Ghana stretches more than 330 miles along West Africa’s southern coast. Lowlands run through the south-central area, while a tropical forest area extends along its western border. Lake Volta, the world’s largest manmade lake, covers nearly 3,300 square miles in the east.

  • Population: 25,366,500
  • Life Expectancy: 61 years
  • Access to Safe Water: 86%
  • School Enrollment: 84%
  • Land Mass: 92,098 sq. mi.
  • Literacy Rate: 72%
  • Under Age 5 Mortality Rate: 72/1000
  • Average Annual Income (GNI): 1,550

Facts about Ghana

Child Protection

About 14 percent of Ghana’s population is comprised of children younger than 5 years old. Around 70 percent of these children live in poor rural communities. There are also approximately 1.1 million orphans in the country.

Economic Development

Ghana's levels of poverty are very high, with 30 percent living on less than $1 a day and 54 percent living on less than $2 a day.


Many health professionals have left Ghana for better paying jobs in other countries because of low funding, weakening the quality of healthcare.

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Progress in Ghana

Thanks to the generous support of our sponsors. World Vision was able to work alongside communities to accomplish the following in 2014.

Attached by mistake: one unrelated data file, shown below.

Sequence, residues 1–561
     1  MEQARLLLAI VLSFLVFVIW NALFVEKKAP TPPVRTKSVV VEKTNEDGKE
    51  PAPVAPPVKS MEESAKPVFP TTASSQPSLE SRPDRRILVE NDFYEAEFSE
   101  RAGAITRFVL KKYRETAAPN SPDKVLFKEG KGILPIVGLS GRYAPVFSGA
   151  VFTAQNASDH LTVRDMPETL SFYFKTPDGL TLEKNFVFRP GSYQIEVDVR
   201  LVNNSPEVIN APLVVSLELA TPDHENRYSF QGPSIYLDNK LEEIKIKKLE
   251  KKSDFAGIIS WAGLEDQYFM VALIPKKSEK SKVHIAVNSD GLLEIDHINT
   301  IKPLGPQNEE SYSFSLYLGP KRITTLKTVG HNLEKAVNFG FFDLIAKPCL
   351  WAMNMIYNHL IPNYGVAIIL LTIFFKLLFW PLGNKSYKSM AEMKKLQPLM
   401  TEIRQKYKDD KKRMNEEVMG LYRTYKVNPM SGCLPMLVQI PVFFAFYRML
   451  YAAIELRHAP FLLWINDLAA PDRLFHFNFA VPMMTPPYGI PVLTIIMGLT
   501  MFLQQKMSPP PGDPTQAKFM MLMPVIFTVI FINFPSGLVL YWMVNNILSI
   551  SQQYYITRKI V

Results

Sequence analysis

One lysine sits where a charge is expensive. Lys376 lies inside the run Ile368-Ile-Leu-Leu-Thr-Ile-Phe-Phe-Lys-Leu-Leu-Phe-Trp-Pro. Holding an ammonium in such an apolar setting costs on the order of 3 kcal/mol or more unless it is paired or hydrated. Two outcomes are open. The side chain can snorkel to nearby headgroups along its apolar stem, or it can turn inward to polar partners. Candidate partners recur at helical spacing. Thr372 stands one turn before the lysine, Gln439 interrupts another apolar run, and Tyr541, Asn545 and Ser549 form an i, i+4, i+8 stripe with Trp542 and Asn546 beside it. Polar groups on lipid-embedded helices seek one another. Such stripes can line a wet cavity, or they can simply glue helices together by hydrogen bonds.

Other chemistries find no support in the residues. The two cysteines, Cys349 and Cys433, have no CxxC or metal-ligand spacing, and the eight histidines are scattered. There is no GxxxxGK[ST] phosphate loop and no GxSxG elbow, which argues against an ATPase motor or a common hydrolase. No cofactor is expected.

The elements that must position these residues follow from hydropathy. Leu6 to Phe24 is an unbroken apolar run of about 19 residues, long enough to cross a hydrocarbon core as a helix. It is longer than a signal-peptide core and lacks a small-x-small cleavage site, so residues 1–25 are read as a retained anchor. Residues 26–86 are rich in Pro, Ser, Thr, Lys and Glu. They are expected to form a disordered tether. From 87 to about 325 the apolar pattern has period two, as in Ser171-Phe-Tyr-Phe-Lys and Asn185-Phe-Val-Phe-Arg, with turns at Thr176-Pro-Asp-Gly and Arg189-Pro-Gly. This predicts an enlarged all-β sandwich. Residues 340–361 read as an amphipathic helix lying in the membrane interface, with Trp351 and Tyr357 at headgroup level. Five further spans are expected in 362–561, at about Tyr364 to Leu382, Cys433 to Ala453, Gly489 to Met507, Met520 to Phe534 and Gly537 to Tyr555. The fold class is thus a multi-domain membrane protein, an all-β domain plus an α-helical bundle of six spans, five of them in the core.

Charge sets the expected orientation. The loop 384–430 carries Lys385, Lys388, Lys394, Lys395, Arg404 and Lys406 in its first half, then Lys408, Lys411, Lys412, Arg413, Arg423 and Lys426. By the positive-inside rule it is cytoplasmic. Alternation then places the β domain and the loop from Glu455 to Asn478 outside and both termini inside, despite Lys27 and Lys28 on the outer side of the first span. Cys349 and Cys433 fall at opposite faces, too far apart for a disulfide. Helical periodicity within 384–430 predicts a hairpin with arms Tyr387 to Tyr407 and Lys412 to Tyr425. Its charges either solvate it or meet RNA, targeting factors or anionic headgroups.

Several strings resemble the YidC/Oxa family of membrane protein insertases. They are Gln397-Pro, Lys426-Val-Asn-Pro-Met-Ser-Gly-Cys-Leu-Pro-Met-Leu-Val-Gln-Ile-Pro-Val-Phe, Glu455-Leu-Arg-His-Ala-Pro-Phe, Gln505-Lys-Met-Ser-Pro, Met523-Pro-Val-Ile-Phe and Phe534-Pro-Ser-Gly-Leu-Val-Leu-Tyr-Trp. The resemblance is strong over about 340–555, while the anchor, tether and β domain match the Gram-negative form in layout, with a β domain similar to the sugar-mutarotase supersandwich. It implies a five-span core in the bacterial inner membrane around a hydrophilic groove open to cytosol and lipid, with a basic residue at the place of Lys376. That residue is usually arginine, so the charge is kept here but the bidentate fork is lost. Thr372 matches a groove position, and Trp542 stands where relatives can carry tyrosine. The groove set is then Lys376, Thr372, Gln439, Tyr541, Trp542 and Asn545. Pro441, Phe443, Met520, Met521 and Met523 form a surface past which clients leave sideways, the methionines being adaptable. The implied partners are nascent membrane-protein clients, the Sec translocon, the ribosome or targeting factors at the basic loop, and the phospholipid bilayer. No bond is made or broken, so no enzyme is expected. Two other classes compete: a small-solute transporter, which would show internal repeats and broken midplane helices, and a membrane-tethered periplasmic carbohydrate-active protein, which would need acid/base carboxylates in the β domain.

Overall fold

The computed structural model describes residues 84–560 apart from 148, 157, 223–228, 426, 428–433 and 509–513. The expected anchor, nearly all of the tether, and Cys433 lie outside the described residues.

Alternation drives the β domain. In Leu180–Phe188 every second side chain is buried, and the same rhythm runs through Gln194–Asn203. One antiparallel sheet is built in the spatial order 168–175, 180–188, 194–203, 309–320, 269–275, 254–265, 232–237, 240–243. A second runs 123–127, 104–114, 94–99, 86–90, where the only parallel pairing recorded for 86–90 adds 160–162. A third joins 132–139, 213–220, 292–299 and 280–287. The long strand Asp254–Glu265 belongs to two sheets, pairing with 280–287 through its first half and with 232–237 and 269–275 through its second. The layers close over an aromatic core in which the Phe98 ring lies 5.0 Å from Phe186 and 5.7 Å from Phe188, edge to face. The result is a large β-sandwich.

• We educated communities on child rights and child protection issues and helped ensure that adults and youth know how to respond to cases of child abuse and neglect.

  • Community members gained access to basic financial services such as small business loans through our village savings groups, helping them increase their income and better provide for their children.

  • To boost children's literacy, we worked with local schools to distribute reading materials and offered reading camps for kids.

  • Teachers were trained in improved teaching methods and community groups learned how to monitor and assist schools to strengthen the quality of education. We also equipped schools with teaching materials and furniture to improve the learning environment.

  • Vulnerable children benefited from public health campaigns including deworming, Vitamin A supplementation, malaria prevention, and immunization through our partnership with Ghana Health Services.

  • Mothers learned how to combat malnutrition through our nutrition classes, hands-on cooking demonstrations, and mothers support groups.

  • Together with peer educators, we helped raise awareness of HIV prevention to reduce the impact of HIV and AIDS and to decrease stigma and discrimination against people impacted by the virus.

  • We helped nurture children's spiritual growth by training local leaders to facilitate Bible clubs and Good News clubs, and by supporting children to attend spiritual vacation camps.

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    World Vision in Ghana Today

    World Vision is committed to partnering with the people of Ghana to transform their lives today and to help enact sustainable solutions for the future of their children, families, and communities. World Vision’s child sponsorship program plays a vital role in this partnership, with donors from the United States sponsoring more than 18,600 girls and boys. In addition to sponsorship, World Vision operates other programs that benefit communities in Ghana. Highlights include: